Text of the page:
Red Wings star Johan Franzen provides a tragic update on his life.


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I can not lie, as someone who got to watch Johan Franzen in his prime during his tenure with the Detroit Red Wings this story was a difficult one for me. 

Franzen does not do a whole lot of media events anymore since he has left the sport of hockey behind and is it turns out there is probably a pretty good reason for that. We all have heard about Franzen's struggles off the ice since he left the National Hockey League, struggles that Franzen and others believed were caused by the blows to the head he suffered during his on ice career. A recent Swedish interview he conducted however paints an even darker picture than anything I could have imagined. 

Now the interview was originally conducted in Swedish but I want to give a big shout out to Reddit user big_phat_gator who was kind enough to translate and transcribe the interview on the Red Wings subreddit for those of us who do not understand Franzen's native language. Needless to say the interview was disturbing, and if you ever held any love for Franzen in your heart it is probably long past time to be concerned about his long term health and well being.

"I could be speaking to someone and the day after i have forgotten about that person," admitted Franzen, embarrassed. "My brain doesn't register, its so hard."

The narrator also provided some more details regarding what Franzen has been dealing with over the course of the video  interview as well. 

"Its been 4 years since the hit that changed Johan Franzens life for ever," began the narrator. "In a game versus Edmonton in January of 2015 the Detroit star with over 700 NHL games, suffered his 5th concussion and after that nothing is ever the same. Johan was forced to quit hockey and the years following has often been pitch black, severe migraine, panic attacks, loss of memory, depression and intensive care homes is only a small fraction of what has struck Johan and his family.

The damage he suffered to the brain will follow him for the rest of his life."

The hit they are referring to here came courtesy of former Edmonton Oiler Rob Klinkhammer. No disrespect to Klinkhammer here but it makes it an even more bitter pill to swallow knowing this is happening to Franzen because of a cheap shot from a player that no one will care to remember. The video below are the highlights from the game where the hit occurred, if you skip to the 5:00 mark you can see it on the replay from the highlights.

Franzen did not state that he has been suffering with substance abuse issues, but he did appear to hint at the fact when he said that he know "understands" the mindset of a person who becomes an addict.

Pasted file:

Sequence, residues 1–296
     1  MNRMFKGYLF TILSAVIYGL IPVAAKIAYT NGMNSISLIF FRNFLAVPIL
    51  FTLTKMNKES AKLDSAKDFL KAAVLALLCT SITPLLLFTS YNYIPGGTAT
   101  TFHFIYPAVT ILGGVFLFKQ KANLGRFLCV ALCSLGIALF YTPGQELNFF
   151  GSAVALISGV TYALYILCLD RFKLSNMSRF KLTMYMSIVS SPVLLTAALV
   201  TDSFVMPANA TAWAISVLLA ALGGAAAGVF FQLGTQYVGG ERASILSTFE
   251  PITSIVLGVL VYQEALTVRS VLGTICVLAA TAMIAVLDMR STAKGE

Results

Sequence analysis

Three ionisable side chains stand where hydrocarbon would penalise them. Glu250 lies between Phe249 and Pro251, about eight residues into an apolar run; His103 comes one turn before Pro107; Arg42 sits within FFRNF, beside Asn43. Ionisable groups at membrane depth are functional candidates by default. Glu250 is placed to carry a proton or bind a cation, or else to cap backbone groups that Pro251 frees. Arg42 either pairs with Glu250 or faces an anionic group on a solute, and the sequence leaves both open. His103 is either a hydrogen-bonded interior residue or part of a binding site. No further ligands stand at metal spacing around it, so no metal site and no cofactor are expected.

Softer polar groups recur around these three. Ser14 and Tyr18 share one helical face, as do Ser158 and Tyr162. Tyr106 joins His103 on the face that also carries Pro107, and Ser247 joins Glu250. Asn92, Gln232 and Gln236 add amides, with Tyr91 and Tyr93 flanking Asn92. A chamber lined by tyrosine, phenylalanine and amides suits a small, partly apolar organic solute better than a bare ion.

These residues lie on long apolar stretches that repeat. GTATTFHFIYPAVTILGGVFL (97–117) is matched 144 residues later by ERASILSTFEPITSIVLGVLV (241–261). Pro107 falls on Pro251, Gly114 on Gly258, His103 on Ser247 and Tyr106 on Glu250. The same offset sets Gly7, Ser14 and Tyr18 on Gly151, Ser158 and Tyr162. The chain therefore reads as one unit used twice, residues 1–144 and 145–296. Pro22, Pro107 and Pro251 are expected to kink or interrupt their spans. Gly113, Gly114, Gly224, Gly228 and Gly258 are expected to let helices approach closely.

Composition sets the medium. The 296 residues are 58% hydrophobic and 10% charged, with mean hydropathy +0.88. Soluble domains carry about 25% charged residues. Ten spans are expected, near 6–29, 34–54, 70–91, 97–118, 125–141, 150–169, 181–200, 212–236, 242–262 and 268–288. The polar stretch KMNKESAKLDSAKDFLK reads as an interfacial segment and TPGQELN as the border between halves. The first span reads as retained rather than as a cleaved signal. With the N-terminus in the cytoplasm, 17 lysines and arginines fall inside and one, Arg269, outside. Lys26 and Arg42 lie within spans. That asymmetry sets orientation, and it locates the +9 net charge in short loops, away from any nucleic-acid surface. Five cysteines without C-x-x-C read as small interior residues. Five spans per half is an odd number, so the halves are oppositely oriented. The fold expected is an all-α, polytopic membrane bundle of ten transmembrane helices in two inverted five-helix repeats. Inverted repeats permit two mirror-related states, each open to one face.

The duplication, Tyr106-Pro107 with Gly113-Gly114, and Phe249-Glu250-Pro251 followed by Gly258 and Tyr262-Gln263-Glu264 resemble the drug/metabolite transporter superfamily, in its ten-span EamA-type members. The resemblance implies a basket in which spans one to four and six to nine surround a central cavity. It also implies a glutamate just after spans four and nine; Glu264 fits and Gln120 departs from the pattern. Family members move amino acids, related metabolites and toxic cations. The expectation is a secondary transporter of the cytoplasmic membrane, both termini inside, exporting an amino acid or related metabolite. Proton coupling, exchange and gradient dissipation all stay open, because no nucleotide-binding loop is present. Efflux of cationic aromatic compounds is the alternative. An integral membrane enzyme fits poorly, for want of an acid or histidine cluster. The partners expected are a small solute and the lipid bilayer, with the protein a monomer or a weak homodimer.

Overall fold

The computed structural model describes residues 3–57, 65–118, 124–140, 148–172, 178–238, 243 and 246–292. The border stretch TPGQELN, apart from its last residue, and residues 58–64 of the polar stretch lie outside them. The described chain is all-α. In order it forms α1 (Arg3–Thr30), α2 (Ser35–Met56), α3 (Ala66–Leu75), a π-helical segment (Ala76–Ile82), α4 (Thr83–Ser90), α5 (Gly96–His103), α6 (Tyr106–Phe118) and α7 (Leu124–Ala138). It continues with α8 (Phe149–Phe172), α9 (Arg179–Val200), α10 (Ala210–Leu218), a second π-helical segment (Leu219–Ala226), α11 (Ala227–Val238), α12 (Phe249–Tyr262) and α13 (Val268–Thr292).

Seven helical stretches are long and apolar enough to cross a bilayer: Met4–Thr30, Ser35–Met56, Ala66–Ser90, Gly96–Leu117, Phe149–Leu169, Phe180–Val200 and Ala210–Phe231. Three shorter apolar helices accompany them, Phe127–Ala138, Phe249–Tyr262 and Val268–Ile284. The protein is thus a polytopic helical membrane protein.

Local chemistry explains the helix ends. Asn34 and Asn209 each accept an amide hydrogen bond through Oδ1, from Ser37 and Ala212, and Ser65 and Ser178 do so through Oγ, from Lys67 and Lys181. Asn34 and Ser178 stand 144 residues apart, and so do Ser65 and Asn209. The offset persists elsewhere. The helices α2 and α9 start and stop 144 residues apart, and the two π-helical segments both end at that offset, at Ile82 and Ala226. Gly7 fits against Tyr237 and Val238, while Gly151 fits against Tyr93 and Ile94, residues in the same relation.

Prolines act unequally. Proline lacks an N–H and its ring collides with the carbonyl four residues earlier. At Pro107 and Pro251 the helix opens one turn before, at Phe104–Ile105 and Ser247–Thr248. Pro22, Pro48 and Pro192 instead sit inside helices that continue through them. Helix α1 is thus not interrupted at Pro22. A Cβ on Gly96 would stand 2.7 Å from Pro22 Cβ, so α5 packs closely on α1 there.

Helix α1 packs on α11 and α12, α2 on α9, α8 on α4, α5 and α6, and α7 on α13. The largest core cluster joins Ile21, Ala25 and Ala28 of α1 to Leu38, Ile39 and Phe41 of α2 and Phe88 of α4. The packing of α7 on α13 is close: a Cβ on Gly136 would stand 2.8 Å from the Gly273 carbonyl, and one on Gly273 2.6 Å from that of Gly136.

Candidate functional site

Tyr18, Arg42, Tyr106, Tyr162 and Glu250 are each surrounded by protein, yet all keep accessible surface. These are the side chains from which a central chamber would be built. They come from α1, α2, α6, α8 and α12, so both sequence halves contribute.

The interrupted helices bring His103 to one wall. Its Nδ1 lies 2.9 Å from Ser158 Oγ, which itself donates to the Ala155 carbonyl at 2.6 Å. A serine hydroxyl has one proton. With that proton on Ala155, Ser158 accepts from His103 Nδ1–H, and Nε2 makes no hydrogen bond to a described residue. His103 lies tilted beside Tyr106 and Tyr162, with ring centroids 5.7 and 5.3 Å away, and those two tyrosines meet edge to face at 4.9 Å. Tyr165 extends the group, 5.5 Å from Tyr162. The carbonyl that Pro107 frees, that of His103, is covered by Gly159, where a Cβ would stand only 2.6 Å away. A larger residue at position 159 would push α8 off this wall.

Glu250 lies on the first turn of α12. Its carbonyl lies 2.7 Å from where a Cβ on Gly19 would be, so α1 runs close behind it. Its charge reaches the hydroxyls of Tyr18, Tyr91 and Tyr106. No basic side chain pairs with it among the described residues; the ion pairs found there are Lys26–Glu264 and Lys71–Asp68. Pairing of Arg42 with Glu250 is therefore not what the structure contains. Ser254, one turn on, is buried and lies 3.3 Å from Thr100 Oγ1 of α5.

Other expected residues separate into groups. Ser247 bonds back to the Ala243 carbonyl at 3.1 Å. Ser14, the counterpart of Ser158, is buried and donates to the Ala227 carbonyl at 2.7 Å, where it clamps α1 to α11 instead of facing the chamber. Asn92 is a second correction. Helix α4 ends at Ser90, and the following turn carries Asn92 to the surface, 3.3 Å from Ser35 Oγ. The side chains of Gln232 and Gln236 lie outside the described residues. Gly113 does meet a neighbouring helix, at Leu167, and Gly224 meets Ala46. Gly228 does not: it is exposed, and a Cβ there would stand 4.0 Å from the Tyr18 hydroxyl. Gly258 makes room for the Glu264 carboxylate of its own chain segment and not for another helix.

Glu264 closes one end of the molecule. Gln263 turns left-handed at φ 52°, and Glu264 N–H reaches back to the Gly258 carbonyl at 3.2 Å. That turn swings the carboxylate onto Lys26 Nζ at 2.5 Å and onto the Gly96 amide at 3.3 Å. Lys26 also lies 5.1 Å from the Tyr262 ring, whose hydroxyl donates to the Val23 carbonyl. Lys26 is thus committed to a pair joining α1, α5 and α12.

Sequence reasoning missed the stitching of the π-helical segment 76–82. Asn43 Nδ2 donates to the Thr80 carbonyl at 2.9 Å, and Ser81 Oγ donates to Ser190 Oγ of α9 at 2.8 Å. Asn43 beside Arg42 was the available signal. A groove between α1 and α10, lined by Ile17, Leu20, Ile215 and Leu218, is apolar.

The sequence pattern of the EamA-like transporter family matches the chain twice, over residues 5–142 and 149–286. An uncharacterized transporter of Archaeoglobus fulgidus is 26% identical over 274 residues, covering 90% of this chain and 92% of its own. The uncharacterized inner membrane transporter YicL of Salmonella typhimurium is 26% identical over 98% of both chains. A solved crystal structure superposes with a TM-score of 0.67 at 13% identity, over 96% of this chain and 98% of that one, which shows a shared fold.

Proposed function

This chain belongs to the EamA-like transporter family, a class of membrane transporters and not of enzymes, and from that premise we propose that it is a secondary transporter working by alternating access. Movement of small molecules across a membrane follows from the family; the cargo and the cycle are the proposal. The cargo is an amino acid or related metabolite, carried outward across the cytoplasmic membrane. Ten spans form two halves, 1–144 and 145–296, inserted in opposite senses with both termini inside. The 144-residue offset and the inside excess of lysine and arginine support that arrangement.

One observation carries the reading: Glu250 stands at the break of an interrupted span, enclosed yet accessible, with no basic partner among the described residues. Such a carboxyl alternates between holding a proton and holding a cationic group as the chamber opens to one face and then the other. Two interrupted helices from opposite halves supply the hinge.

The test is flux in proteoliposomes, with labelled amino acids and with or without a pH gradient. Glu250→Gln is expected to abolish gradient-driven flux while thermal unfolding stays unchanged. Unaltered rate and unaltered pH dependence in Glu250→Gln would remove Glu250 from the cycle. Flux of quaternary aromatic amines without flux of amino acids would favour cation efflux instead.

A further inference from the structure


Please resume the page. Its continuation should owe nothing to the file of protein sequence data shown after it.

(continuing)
"You understand the people who end up with addictions, everything is so embarrassing," said Franzen. Now days I am very open about not remembering things and i almost right away tell people. If there is someone who I don't remember, even tho we might have spoken before like just a day earlier I am very open about not remembering. It can be like "Hey, we have met like yesterday right?" just to get the information out there. I try to drop whats so embarrassing about it and just get it out there as quick as i can."

Perhaps the saddest part of the interview however came when Franzen revealed that he does not understand how his wife Cecilia can stand to still be around him, that he does not understand how she can still be his wife. I do not know what Cecilia or Johan have gone through behind closed doors but I do know that I am grateful she is around, otherwise who knows how bad things could get for Franzen. 

I do not want this to be a purely negative story so I will leave you with the one positive takeaway from this interview. Although Franzen admitted that things fall apart very quickly for him, he does have some hope still that things can get better in the future. 

"It feels like it can be better, i haven't felt like that before. That is what I am feeling right now. Its very hard to be in Detroit, its very difficult. I have a lot of very bad memories, but i also have some of my best memories here of course but these past years i have just felt like it dont wanna live here anymore i have had so much anxiety, panic attacks and depression. I sometimes travel to the mountains out west, just to get out and its often enough that i just see the mountains and the nature to make me feel better. Its very difficult to be here and figure out things to do, i try to trick my brain into doing things but it only works for a short time before it all just falls apart again."